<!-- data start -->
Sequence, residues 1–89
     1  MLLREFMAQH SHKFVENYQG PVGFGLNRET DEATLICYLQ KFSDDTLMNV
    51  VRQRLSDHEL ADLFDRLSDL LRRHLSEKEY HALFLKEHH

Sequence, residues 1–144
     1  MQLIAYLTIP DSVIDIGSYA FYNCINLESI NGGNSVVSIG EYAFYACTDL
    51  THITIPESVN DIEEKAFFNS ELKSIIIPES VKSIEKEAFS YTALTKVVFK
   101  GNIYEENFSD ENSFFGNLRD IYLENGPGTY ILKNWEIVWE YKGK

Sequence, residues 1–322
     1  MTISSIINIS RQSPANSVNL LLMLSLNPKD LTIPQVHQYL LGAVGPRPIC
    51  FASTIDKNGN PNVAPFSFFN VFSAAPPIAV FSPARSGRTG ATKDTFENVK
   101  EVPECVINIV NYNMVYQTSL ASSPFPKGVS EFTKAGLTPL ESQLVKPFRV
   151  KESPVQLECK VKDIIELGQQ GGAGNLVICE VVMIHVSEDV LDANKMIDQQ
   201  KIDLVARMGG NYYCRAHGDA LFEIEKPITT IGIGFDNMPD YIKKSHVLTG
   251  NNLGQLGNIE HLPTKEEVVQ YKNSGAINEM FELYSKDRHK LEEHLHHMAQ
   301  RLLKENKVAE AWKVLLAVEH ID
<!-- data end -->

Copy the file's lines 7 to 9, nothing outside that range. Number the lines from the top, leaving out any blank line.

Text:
   101  GNIYEENFSD ENSFFGNLRD IYLENGPGTY ILKNWEIVWE YKGK

Sequence, residues 1–322
     1  MTISSIINIS RQSPANSVNL LLMLSLNPKD LTIPQVHQYL LGAVGPRPIC